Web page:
Definition of feudatory in English:



  • Owing feudal allegiance to another.

    ‘a feudatory state’
    • ‘Peasants attacked landlords and burned tax and feudatory documents, tax collectors were beaten or worse, and lawyers were attacked because of their association with the landed classes.’
    • ‘The Ikkery Naiks were a line of feudatory chieftains who rose to power after the decline of the mighty Vijayanagar empire following the battle of Thalikkotta in 1565.’
    • ‘With most of these ‘native states’ the British had formal treaties that specified the terms and nature of their power and that directly established a feudatory link with the Crown of England.’
    • ‘The Nayaks or Nayakkans, as they were also called, were the feudatory governors appointed by the Vijyayanagar rulers to protect their interests in parts of what are now Andhra Pradesh and Tamil Nadu.’
    • ‘Satraps of both the empires assumed power in their own feudatory territories, the most important of the Vijayanagara remnants were the Nayaks of Madurai.’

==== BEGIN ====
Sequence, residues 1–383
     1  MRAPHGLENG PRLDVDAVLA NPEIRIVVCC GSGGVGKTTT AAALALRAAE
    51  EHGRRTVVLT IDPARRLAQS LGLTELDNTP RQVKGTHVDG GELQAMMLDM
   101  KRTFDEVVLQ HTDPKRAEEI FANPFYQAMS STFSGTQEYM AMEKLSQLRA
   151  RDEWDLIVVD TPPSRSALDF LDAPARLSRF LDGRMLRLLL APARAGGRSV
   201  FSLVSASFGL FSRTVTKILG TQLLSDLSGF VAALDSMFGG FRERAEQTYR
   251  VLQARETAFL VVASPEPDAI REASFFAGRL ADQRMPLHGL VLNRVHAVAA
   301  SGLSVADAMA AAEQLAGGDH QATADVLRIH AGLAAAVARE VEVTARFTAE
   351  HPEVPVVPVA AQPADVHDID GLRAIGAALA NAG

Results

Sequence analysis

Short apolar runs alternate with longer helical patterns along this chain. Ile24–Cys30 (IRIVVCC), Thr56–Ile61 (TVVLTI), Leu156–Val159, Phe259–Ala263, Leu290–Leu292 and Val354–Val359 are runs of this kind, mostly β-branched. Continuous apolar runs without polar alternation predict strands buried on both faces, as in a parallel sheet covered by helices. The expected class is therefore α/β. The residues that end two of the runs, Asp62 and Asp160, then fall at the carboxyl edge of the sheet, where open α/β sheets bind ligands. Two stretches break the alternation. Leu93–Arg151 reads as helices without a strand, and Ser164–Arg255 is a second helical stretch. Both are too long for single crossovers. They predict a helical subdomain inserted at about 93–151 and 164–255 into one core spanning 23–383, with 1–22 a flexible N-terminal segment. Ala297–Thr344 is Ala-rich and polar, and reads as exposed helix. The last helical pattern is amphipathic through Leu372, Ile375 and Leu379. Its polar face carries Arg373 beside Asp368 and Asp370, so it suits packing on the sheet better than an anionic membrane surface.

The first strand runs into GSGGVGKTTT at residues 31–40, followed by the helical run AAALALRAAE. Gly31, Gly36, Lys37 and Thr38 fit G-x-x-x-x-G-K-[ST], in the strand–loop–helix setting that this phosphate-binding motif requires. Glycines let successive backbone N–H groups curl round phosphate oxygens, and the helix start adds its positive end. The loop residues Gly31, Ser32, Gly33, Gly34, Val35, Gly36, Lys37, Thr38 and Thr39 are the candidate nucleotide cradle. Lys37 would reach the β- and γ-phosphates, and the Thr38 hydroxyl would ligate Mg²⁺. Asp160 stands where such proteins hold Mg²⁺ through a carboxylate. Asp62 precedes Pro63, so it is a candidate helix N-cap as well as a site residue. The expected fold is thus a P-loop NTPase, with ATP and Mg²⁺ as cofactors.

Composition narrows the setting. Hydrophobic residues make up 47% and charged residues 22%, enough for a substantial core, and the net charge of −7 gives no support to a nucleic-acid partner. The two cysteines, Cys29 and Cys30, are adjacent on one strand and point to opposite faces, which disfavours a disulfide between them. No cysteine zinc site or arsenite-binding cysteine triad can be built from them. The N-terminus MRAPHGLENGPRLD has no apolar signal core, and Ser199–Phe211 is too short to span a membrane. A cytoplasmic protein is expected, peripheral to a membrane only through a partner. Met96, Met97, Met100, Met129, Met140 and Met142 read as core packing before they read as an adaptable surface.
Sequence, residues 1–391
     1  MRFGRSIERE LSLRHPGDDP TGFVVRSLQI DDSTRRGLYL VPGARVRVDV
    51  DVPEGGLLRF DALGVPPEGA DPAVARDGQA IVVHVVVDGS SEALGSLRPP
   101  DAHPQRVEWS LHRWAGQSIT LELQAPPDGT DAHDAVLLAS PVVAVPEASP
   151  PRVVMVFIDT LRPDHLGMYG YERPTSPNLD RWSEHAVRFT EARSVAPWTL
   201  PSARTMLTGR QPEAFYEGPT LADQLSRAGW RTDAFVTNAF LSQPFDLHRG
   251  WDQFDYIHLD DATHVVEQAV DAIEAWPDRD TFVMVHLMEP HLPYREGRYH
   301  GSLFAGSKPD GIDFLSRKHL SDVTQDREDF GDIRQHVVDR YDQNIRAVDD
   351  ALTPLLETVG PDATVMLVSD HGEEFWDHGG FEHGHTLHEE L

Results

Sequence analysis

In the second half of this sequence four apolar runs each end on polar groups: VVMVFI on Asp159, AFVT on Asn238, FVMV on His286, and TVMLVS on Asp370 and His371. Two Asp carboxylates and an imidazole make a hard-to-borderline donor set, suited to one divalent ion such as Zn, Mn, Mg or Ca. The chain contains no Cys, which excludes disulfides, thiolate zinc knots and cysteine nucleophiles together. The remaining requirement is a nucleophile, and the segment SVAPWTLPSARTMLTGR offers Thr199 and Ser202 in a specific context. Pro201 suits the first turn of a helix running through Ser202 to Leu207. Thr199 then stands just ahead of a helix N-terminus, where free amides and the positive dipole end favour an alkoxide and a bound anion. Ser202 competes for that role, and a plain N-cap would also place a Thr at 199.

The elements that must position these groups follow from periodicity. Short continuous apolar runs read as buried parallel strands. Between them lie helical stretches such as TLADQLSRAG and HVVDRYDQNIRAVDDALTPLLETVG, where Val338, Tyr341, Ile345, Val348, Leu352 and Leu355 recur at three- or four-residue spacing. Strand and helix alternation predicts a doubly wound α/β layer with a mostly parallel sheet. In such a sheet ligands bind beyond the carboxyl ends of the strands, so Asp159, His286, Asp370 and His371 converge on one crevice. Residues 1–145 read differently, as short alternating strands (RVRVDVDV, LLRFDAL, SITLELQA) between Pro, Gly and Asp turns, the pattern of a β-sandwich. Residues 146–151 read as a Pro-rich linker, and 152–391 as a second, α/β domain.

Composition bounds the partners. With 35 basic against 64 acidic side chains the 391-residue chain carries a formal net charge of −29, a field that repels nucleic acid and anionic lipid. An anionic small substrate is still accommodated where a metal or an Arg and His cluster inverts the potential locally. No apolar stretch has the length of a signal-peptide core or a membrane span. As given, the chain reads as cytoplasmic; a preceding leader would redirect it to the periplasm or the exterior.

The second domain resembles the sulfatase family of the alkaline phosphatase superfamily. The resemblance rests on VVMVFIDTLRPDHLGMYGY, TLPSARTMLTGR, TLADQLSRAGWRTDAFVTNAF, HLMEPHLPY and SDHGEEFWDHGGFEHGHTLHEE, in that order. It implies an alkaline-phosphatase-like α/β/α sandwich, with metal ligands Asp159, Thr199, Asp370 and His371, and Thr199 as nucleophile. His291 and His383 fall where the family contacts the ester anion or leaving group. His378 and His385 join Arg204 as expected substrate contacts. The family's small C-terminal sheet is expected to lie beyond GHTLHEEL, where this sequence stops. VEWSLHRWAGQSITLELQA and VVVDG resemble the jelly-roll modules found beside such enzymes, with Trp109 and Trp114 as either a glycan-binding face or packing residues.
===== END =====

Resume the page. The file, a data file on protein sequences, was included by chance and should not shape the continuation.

• A person who holds land under the conditions of the feudal system.

    • ‘Property division and the redemption of feudal fees aroused numerous disputes between feudatories and comuni, requiring a lengthy examination of titles and deeds.’
    • ‘Hinduism as we know it today - especially the Hinduism of north India - was essentially shaped under Mogul rule, often with the active participation and support of the rulers and their officials and feudatories.’
    • ‘They were the feudatories of the prominent dynasties of Karnataka.’
    • ‘Till then the Wadiyars were the feudatories of the emperors of Vijayanagar.’
    • ‘Raja Mansingh's successor raja Vikramaditya, who was a feudatory of Lodis since 1519, was also in Agra.’
    • ‘Nobili used his political persona to obtain from Tirumalai Nayak permission to convert in exchange for Nobili bringing the Portuguese from Goa to help him to subdue a rebellious feudatory.’


Late 16th century from medieval Latin feudatorius, from feudare ‘enfeoff’, from feudum (see fee).